These precautions will help reduce bear problems.

Agriculture and Livestock

Landowners sometimes experience bear problems with beehives, standing crops, orchards, and livestock.     

To control problems:

  • Corral animals close to buildings at night.
  • Promptly bury dead animals or take them to a rendering plant.
  • Eliminate on-farm garbage dumps.
  • Monitor crops to detect problems early.
  • Consider electric fencing as a preventive measure.

Bears will eat standing corn and can severely damage fruit trees. Bears rarely prey on livestock, but on occasion, sheep, swine, and poultry have been taken. Bears are often blamed unnecessarily for predation because they are observed feeding on dead animals. However, these animals typically have died from other causes (stillborn calves, for example).

Because of the potential for large financial losses, bears are especially troublesome in orchards and beehives. Energized fences are the best long-term control measure for these situations. These fencing systems will prevent wildlife damage when installed and maintained properly. If damage occurs, immediately contact your local office of DNR’s Wildlife & Heritage Service for technical recommendations.

Beehives

Beehives contain the perfect bear food - honey and larvae.

To a bear, there is little difference between a beehive and a hollow tree, except that a hive is probably easier to crack open.

 

Color illustration by Wade henry of Black Bear eating honey from a bee hive that bear has just destroyed 

Learn More about Black Bears and Bee Keeping

The Black Bear Conservation Stamp Program began in 1996. Authorized by the Maryland General Assembly, the stamp generates funds that are used to compensate farmers who have reported damage to agricultural crops caused by black bears.

Learn More About the Black Bear Conservation Fund

 

Strategies for Minimizing Bear/Human Conflicts

Bears can easily become used to human activities. This occurs especially when bears learn to associate people with food. Unfortunately, this can lead to a bear losing its natural fear of people. Bears are intelligent, opportunistic feeders. They will return to places where they have found an easy meal. Human habituated bears can create situations that are dangerous for both humans and bears.

 

The DNR-Wildlife & Heritage Service has implemented several strategies to meet the demand of Maryland’s growing black bear population.

  1. A black bear response team is on call 24 hours a day seven days a week to respond to emergencies. DNR staff also provides aversive conditioning.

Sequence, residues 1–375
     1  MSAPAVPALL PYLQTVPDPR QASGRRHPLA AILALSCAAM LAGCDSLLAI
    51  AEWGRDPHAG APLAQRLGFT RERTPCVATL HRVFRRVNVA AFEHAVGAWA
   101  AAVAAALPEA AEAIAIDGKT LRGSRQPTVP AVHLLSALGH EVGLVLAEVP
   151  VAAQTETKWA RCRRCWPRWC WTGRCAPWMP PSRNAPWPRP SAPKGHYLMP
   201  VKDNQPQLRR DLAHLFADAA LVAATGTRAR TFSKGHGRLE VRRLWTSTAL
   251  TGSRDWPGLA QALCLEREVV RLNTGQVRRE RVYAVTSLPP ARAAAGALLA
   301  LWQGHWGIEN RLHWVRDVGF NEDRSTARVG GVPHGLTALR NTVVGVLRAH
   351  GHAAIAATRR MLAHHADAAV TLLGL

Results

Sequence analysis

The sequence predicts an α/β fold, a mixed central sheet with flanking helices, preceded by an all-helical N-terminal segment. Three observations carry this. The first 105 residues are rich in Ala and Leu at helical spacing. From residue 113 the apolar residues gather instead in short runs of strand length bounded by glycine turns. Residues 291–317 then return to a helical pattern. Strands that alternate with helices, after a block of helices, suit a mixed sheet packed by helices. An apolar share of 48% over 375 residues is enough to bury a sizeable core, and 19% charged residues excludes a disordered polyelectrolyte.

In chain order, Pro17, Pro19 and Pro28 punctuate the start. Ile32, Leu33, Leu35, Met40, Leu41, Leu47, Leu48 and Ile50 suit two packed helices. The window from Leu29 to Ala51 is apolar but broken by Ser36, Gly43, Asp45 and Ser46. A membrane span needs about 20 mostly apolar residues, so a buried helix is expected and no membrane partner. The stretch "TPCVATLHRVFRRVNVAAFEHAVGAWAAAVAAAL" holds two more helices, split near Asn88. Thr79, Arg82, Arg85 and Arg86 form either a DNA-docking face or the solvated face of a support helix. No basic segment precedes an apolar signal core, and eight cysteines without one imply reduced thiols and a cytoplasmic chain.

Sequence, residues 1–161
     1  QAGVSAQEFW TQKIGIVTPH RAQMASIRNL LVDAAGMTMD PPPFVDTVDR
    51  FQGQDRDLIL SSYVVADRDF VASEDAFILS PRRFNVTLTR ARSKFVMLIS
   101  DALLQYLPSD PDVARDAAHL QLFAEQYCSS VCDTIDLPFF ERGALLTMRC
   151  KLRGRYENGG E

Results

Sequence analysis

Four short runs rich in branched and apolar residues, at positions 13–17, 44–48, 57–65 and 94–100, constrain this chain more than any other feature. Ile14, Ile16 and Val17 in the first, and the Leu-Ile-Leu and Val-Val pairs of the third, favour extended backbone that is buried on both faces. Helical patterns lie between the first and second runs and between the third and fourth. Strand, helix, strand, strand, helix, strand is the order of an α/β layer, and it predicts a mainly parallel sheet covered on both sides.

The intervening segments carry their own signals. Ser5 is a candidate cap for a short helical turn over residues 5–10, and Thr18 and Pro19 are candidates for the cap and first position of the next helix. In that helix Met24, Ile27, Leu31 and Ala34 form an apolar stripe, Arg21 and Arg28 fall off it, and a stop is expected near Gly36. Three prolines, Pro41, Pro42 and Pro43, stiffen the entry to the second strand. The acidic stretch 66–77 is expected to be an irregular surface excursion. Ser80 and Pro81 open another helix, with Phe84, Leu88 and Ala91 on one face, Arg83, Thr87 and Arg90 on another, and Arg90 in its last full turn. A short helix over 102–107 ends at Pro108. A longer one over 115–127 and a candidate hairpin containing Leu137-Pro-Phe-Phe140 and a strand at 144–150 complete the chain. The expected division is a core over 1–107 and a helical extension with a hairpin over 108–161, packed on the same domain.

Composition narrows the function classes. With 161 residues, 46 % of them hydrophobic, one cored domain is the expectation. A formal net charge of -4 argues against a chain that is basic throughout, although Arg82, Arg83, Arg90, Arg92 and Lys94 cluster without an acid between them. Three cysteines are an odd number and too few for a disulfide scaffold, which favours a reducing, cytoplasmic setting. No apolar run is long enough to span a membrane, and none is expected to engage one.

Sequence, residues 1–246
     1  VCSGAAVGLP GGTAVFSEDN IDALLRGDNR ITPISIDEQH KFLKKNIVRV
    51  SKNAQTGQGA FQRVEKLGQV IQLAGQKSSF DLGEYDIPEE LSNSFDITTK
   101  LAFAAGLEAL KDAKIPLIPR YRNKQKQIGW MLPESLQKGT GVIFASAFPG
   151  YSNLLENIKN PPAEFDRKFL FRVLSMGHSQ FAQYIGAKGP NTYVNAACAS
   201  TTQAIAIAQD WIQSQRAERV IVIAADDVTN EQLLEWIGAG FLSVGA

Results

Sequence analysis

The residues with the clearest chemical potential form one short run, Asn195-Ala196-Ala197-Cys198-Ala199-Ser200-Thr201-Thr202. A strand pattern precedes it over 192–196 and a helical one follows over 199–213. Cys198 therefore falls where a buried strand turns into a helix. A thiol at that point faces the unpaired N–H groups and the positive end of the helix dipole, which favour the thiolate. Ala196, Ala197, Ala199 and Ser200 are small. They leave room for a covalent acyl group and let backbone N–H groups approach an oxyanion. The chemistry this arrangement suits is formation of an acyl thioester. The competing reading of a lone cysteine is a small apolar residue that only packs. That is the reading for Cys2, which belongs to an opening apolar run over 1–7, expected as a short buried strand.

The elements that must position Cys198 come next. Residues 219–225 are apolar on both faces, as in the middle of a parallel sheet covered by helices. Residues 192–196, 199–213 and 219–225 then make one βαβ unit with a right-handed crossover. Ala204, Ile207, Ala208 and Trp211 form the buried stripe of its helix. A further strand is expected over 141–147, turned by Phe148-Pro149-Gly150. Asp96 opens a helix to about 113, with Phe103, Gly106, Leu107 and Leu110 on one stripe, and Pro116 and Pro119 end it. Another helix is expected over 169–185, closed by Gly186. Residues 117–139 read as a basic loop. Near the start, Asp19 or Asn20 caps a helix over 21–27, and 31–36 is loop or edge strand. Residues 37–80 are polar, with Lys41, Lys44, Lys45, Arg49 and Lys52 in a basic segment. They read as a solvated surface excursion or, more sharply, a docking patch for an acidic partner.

2. A comprehensive outreach and education plan is in effect to educate Marylanders and visitors about living with black bears.
  3. The Black Bear Compensation Stamp Fund compensates landowners who have suffered agricultural damage as a result of black bears.
  4. Wildlife & Heritage Service staff provide technical assistance to landowners who are experiencing bear problems.
  5. Wildlife & Heritage Service will provide electric fencing and technical support for beekeepers experiencing problems with bears around beehives.
 

Aversive conditioning is a tool used by DNR to change bear behavior. It provides negative feedback to problem bears. The unpleasant experience discourages individual bears from repeating undesirable behavior.

 

Aversive conditioning may include one or more of the following actions applied by trained DNR staff.

  • Chemical irritant (capsaicin spray) applied at close range to the face of the bear.
  • The use of noise making pyrotechnics (screamers, explosive scare shells, rockets) fired in the direction of the bear.
  • Non-lethal rubber projectiles fired from a shotgun at the rump or shoulder of the bear.
 
 

Finding More Information

 

To Report Bear Related Emergencies Call 1-410-260-8888

If you have persistent bear problems or want more information on bears, contact your local DNR Wildlife & Heritage Service office or one of the offices listed below.

 

Maryland Department of Natural Resources
Wildlife & Heritage Service
Tawes State Office Building
580 Taylor Avenue
Annapolis, MD 21401

Telephone: 410-260-8540
Toll Free in Maryland: 1-877-620-8DNR, Ext. 8540
TDD: 410-974-3683

Wildlife Service Offices – Western Maryland

Garrett County
Mt. Nebo Wildlife Management Area
1728 Kings Run Road
Oakland, MD 21550
301-334-4255

Western Regional Office (Allegany County)
12512 N.E. Pleasant Valley Rd
Cumberland, MD 21502
301-777-2136

Washington & Frederick Counties
Indian Springs Wildlife Management Area
14038 Blairs Valley Road
Clear Spring, MD 21722
301-842-2702

 

Illustrations by Wade Henry